Additionally, Ron took photos of the siblings and sent them to people in Hollywood and New York, and they found themselves being flown to the former for an audition by Tiger Beat publisher Charles Laufer. For Tony, Charles’ involvement was actually brilliant from a PR point of view. “Obviously you didn’t have social media back then,” he notes, “but what you did have were magazines and little girls would go to the corner store and buy Tiger Beat magazine. It was built in PR, and then the resulting fan mail would show up in canvas bags forwarded to us from Tiger Beat. Just incredible and what a smart move on his part.”
In the next instant, he financed a three-song demo and used his clout to secure a contract for the group with 20th Century Records. “Before you knew it,” he states, “we were on American Bandstand, we were KHJ, which was the biggest station on the West Coast. If you’re on KHJ, you had a hit.”
Pure bubblegum pop, “Heartbeat” was released in 1973 and reached No. 1 on the US Cash Box Top 100, and No. 3 on both the US Billboard Hot 100 and Canada’s RPM Top Singles, No. 6 in Australia and No. 49 on the US Billboard Adult Contemporary chart. That same year saw the release of “Abra-c-dabra” (No. 32 on the Billboard Hot 100, No. 23 on the Cash Box top 100 Singles Chart and No. 15 on Canada’s RPM 100). They moved up and down the chart with “Save the Last Dance for Me” and “Write Me a Letter” (both 1974), “We Belong Together” (1975), “Venus” (1976, Japan only), and “Drummer Man” (1976). Their albums were Heartbeat, It’s a Lovebeat (1973) and Save the Last Dance for Me (1974). They also made a number of television appearances, including multiples of talk shows Dinah! and Mike Douglas, as well as such efforts as Jack Benny’s Second Farewell Special, The Sonny & Cher Comedy Hour, American Bandstand (a total of nine times), Action ’73 — Fifth Special and The Brady Bunch Variety Hour.
Tony remembers the moment when he and his family realized that “it” was happening. “We heard ourselves on the radio,” he says, “and then we changed the station towards the end of the song and we were on another station. We changed it again and we were on another station. Then we started doing the PR appearances, the meet-and-greets and then we flew back to Buffalo for our first concert. I was probably 4’ 10” at best, and Buffalo was chosen, I think because it was across the border from where we’re from, Niagara in Port Coleman. I have a photo of that concert — if you want to call it a concert. It was actually a huge flatbed truck outside of a department store. You’d fly through the door and run on the stage, and the whole front of the stage as lined with cops and there were girls screaming, crying, pushing, pulling, and I’m, like, ‘Holy s–t!’”
Coping With Life In The Spotlight
This naturally raises the question of what that sort of response had on him, given it’s not something he had ever experienced before. “It just depends on who you talk to,” Tony points out. “My wife to this day will say, ‘It really affected you, didn’t it?’ And I’m, like, ‘Oh, not really,’ but the truth is it is big. Because of my age at that time, it just sort of took away my childhood and the innocence of what being a child in those days was.
“It was a situation,” he adds, “where everybody wanted a piece of you, everybody was your friend, everybody was related to you and then it got to the point where I just wanted to be left alone. I wanted privacy, which I think is not uncommon. And as I started getting older where you just go to school and you see how the girls are reacting, you see how the guys are reacting — not necessarily favorably — so you just always felt like eyes were on you. I can imagine what it would be like today with everybody having a cell phone and recording your every move.”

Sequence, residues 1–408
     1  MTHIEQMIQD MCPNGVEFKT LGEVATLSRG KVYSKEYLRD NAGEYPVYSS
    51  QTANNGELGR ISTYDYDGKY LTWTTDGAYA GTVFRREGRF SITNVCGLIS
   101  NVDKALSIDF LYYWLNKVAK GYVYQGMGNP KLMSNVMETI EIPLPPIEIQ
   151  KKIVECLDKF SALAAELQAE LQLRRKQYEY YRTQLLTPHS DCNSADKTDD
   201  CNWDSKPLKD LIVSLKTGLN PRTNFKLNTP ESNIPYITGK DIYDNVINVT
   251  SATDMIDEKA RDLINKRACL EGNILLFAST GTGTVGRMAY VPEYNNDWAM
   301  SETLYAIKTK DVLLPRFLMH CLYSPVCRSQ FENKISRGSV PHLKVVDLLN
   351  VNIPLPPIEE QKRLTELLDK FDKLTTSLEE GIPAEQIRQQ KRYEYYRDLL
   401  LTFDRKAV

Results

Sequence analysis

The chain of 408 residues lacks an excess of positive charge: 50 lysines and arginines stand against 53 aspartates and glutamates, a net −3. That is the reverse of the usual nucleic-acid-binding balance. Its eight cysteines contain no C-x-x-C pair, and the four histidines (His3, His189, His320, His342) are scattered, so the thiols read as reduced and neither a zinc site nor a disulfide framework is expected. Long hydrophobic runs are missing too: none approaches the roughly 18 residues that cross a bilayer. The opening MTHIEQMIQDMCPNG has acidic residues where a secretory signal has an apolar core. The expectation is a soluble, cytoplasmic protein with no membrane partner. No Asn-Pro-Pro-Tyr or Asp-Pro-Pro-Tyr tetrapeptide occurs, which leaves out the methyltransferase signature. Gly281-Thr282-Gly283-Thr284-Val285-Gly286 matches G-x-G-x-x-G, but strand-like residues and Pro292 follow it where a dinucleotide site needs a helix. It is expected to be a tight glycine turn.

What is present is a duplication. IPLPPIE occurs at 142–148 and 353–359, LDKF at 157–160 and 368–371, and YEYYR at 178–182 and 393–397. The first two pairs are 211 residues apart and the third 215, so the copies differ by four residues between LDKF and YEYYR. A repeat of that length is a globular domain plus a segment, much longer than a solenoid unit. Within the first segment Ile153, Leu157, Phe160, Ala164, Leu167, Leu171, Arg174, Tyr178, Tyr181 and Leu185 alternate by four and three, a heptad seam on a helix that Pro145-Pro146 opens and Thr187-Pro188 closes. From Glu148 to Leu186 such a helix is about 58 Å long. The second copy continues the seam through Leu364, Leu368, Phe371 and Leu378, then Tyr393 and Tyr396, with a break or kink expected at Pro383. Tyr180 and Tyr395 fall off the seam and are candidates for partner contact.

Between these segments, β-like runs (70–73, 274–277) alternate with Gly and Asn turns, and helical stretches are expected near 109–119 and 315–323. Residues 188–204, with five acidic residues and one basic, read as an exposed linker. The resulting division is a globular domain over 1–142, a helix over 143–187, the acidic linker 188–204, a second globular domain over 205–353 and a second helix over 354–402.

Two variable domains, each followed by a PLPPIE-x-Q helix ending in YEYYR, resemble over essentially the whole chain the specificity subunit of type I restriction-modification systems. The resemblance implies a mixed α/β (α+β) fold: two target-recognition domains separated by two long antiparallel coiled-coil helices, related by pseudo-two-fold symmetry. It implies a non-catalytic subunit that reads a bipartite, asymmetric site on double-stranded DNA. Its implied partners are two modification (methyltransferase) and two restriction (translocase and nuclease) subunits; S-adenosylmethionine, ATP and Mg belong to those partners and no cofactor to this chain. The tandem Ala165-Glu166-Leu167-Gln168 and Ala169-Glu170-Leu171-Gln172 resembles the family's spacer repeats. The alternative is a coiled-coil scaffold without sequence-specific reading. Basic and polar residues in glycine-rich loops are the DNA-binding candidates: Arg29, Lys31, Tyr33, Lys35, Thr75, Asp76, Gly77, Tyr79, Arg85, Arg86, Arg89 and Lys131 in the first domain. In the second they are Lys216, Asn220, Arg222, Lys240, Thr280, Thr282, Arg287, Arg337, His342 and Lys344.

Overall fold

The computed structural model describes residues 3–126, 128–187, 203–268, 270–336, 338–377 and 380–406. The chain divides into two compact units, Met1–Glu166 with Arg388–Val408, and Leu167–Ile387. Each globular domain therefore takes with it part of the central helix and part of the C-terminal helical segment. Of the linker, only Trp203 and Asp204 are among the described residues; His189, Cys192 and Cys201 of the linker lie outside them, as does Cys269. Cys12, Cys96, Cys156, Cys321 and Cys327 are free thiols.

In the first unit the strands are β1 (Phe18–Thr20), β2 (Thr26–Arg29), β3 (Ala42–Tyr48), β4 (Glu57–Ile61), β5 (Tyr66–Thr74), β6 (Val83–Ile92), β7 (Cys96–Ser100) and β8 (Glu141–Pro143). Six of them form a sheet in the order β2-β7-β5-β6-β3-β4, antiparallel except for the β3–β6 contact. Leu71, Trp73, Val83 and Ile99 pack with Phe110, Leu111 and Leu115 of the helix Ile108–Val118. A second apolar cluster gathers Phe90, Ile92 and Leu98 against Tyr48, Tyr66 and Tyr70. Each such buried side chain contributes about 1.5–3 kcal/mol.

It continued each night when they’d return to their home in Tarzana, California, which had a long driveway, at the top of the hill they’d see girls standing there, waiting. “So,” Tony explains, “it was just this constant reminder, which is fine, because I was constantly being told by management, ‘Hey, you gotta get used to this. This is your life now.’ I don’t think I was ever pushing it away, because we were always told that you’ve got to accommodate the fans. You always talk to them, you always take a picture, but at some point you want to escape to a room where you could be left alone.”
With all the talk of screaming girls, one does wonder — without getting too salacious about it — if there were … encounters. “All the time,” he says without missing a beat, “but I think most of it was an innocent thing where they just come running up to you and then every once in a while you get the girl that comes up and says, ‘Hey can I take a picture with you?’ And all of a sudden she’s just all over me with tongue and everything. I’m, like, ‘Whoa, Baby, slow down here. I agreed to a picture, not that.’ What helped, I think, is that because my parents were, again, immigrants from Italy, we were tight and pretty much always together, which also insulated and protected me from a lot of things that could have gone South; could have gone bad. But there was always an opportunity for somebody to try and take advantage. I remember there were a few times I went on the road on a PR tour alone with somebody assigned to watch over me. But when you’re 13-years-old on the road, s–t could happen. Thankfully it didn’t.”
Dream Girls and Threats
What did happen is that he sort of met his “dream girl” at the time, Olivia-Newton John. “She was hot and she was awesome,” he laughs. “And we ended up being the opening act for her somewhere in the Midwest; I can’t remember the town. She may not have been an American — she was Australian — but she was just like apple pie and super nice.”
Over the years he’s been contacted, these days by email, with some bizarre messages threatening to kill him (“Those are fun,” he says dryly, “thanks for writing”) and others saying that their childhood was a mess, but the music of The DeFranco Family helped get them through it. “When you hear songs on the radio,” Tony muses, “the memory brings you back to whatever was gong on in life at that time. I also think that music is the glue of it all, whether you’re talking about movie soundtracks — how good would a movie be without music? — or life.”